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Re: {MPML} Herschel/Planck objects

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  • dfischer@astro.uni-bonn.de
    ... THE ASTRONOMER Electronic Circular No 2553 2009 May 24 11.47UT ... PHOTOMETRY OF OBJECTS IN THE HERSCHEL-PLANCK LAUNCH CONSTELLATION 1212 observations
    Message 1 of 6 , May 24, 2009
      Of some interest in the context of the Herschel/Planck "UFOs":

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      THE ASTRONOMER Electronic Circular No 2553 2009 May 24 11.47UT
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      PHOTOMETRY OF OBJECTS IN THE HERSCHEL-PLANCK LAUNCH CONSTELLATION
      1212 observations of objects that for the Herschel-Planck launch cluster
      up to May 21.35 have been reported on DASO Circulars #213-230. Initially
      there was some confusion about the precise identity of each the objects,
      firm identifications have now been published on DASO #226
      (http://www.cfa.harvard.edu/~gwilliams/DASO/000000/DASO_000226.txt) The
      four brightest objects in the constellation are the Ariane upper stage
      and, forming a tight cluster about a third of a degree away, Herschel,
      Planck and the Sylda support that covered Planck during launch. Other,
      fainter, objects of uncertain identification, designated 2009-026E and
      2009-02F, have been sighted around the Ariane upper stage: the latter
      has a large non-gravitational component of motion and has been shown to
      have separated from the Ariane upper stage shortly after launch.
      The photometry has been converted to R assuming a solar colour index of
      V-R=+0.53 and that unfiltered photometry is equivalent to R.
      Identifications and absolute magnitudes are in the table:
      Provisional Formal Absolute
      Designation Identification Designation magnitude Notes
      HP03 Ariane upper stage 2009-026C 28.7
      Planck Planck Planck 29.2
      HP02 Herschel Herschel 28.8
      HP01 Sylda 2009-026D 30.3
      HP04 Unidentified 2009-026E 30.7 Fading
      HP05 Unidentified 2009-026F 31.4 Fading

      Planck, the upper stage, the Sylda and, apart from one excursion in
      brightness that may have been due either to a small change of aspect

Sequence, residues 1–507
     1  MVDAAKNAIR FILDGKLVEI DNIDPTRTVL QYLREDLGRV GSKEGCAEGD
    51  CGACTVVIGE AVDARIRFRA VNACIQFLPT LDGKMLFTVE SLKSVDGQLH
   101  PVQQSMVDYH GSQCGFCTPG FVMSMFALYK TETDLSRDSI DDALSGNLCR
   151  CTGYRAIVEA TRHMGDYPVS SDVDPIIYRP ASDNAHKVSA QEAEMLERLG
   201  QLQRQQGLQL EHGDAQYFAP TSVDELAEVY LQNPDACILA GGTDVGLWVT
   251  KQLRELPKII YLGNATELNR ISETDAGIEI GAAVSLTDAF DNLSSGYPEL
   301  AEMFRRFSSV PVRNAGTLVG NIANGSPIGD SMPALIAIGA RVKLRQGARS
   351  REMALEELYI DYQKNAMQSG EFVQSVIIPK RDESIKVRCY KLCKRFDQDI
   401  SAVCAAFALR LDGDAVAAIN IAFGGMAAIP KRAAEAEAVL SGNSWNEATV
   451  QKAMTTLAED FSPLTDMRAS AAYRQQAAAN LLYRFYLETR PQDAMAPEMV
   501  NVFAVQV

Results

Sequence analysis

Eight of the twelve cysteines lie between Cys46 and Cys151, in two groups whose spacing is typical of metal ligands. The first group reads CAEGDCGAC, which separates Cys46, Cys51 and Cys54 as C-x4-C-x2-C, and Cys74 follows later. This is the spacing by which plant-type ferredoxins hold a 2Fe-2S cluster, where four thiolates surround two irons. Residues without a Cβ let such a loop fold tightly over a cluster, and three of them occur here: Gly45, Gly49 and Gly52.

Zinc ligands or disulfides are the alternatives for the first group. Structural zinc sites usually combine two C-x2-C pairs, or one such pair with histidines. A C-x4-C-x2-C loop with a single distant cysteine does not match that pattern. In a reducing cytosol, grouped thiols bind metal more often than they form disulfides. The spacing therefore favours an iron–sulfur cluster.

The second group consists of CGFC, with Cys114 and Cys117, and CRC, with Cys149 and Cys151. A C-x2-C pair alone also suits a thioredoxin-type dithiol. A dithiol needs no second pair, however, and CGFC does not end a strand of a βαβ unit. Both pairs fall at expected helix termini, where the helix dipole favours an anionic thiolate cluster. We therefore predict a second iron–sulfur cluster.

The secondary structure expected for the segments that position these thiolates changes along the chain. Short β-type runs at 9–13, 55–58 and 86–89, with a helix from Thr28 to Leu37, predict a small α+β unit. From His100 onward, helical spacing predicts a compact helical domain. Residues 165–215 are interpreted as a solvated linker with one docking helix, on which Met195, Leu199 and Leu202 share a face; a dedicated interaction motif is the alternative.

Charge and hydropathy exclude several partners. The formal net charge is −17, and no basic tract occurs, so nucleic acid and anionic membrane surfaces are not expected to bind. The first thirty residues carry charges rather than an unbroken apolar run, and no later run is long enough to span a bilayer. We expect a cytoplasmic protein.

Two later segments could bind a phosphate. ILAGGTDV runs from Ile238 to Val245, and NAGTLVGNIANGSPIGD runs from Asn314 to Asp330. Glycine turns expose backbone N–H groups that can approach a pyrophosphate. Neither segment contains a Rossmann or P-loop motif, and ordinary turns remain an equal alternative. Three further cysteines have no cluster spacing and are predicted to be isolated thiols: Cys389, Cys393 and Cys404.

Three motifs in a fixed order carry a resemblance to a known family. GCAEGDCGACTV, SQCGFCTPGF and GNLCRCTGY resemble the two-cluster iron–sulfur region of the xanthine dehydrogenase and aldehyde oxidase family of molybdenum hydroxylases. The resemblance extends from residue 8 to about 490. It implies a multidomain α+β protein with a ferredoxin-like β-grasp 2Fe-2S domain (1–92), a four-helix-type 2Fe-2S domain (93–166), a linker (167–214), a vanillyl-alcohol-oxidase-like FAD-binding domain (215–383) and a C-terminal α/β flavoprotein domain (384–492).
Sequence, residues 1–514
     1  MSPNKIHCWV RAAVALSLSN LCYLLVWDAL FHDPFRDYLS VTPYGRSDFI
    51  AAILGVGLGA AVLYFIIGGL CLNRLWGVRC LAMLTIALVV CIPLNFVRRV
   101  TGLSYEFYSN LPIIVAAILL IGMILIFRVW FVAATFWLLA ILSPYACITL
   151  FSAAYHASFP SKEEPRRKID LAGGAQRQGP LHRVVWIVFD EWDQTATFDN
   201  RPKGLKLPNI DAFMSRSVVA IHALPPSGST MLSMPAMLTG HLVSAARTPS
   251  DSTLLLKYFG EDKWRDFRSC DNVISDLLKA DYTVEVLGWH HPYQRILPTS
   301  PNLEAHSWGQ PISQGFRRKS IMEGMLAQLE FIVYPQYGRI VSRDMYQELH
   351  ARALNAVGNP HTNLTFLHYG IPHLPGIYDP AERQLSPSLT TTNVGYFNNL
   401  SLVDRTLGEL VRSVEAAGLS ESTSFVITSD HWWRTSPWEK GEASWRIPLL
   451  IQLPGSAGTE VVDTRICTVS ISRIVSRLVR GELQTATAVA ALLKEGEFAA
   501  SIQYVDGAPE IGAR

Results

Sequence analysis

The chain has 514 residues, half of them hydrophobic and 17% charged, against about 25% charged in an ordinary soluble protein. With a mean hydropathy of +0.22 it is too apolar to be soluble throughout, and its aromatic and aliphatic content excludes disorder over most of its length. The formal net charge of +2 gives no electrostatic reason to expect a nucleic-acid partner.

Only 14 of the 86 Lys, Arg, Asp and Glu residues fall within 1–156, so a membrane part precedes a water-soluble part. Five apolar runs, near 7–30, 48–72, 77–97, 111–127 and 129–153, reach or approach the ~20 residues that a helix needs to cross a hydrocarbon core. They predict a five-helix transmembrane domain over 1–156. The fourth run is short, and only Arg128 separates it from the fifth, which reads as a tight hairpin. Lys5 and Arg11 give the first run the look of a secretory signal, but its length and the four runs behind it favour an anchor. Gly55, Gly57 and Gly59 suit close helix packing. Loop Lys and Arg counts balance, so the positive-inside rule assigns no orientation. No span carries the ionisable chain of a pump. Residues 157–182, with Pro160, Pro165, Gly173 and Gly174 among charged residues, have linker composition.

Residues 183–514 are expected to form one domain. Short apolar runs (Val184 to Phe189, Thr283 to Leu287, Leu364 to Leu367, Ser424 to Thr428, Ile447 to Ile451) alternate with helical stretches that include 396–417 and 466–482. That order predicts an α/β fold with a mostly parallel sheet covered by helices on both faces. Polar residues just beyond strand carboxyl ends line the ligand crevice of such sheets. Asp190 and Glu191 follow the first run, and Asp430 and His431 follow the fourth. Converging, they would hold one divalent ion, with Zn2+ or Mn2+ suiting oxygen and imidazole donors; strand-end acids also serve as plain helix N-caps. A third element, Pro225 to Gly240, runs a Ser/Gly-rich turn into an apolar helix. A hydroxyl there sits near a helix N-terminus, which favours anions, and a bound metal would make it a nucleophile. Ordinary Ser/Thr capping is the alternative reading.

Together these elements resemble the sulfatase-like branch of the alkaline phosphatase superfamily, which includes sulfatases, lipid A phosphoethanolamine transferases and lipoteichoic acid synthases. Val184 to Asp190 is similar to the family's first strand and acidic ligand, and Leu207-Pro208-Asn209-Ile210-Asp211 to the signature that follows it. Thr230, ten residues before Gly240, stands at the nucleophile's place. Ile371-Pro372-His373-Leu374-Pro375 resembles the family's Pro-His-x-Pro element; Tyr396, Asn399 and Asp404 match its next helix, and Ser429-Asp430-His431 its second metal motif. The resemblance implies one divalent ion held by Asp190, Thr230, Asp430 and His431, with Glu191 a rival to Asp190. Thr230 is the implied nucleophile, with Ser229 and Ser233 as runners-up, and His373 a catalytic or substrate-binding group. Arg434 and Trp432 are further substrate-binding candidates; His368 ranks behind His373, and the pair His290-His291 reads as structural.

angle, or to wrongly identified observations, Herschel, all show good
      fits to a pure reflection light curve of constant absolute magnitude. In
      contrast, 2009-026E and 2009-026F show a persistent fade consistent with
      a cross-section that has decreased in diameter by a factor of 2. Light
      curves for these objects can be found at the url:
      http://www.observadores-cometas.com/Herschel/Image_of_the_day/HER04_05-09
      0522.jpg and an image archive at
      http://www.observadores-cometas.com/Herschel/images/images.htm

      The strong non-gravitational motion of 2009-026F and the fact that it
      separated from the Ariane upper stage shortly after launch suggest that
      this may be an object of low mass and large surface area, with high
      albedo, however the fading appears inconsistent with a refractory nature
      (such as shed insulation) unless there is a slow aspect angle change
      with time, something not seen in the upper stage or the Sylda.

      Herschel commissioning is proceeding extremely smoothly. The satellite
      is in excellent health and the four days of check-out observations have
      already been made. Real-time updates on the progress of Herschel testing
      can be obtained from the Herschel Twitter account (http://twitter.com/),
      ESAHerschel. The Herschel Team is buoyant at the tremendously successful
      progress to date and the success of the commissioning activities
      carried-out so far.
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      (This is a paid-subscription-only electronic newsletter but given the intense
      work many on MPML have put into following the HP aftermath, re-distributing
      it "for scholarly use only" here seems more than fair. Comments welcome!)

      Dan
    • Brian Skiff
      ... It may not matter much given the likely uncertainties involved, but this solar V-R color is for the old Johnson V-Rj system, which almost certainly no one
      Message 2 of 6 , May 24, 2009
        > The photometry has been converted to R assuming a solar colour index of
        > V-R=+0.53 and that unfiltered photometry is equivalent to R.


        It may not matter much given the likely uncertainties involved,
        but this solar V-R color is for the old Johnson V-Rj system, which
        almost certainly no one uses. Cousins V-R for the Sun is something
        close to 0.36 +/- 0.01 or so.


        \Brian
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